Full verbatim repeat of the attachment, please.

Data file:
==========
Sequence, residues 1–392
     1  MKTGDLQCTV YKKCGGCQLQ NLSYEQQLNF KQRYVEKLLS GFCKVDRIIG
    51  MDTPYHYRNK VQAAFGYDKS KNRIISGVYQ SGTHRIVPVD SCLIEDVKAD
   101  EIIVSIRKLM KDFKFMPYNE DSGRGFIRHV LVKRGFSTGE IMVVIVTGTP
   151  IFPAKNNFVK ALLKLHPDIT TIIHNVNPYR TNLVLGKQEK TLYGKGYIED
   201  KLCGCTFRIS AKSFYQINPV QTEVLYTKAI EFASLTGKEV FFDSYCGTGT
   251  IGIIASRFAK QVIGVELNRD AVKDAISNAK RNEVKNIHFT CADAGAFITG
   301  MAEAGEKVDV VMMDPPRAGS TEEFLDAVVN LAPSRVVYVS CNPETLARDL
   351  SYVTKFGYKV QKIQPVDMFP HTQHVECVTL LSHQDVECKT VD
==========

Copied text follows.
Sequence, residues 1–392
     1  MKTGDLQCTV YKKCGGCQLQ NLSYEQQLNF KQRYVEKLLS GFCKVDRIIG
    51  MDTPYHYRNK VQAAFGYDKS KNRIISGVYQ SGTHRIVPVD SCLIEDVKAD
   101  EIIVSIRKLM KDFKFMPYNE DSGRGFIRHV LVKRGFSTGE IMVVIVTGTP
   151  IFPAKNNFVK ALLKLHPDIT TIIHNVNPYR TNLVLGKQEK TLYGKGYIED
   201  KLCGCTFRIS AKSFYQINPV QTEVLYTKAI EFASLTGKEV FFDSYCGTGT
   251  IGIIASRFAK QVIGVELNRD AVKDAISNAK RNEVKNIHFT CADAGAFITG
   301  MAEAGEKVDV VMMDPPRAGS TEEFLDAVVN LAPSRVVYVS CNPETLARDL
   351  SYVTKFGYKV QKIQPVDMFP HTQHVECVTL LSHQDVECKT VD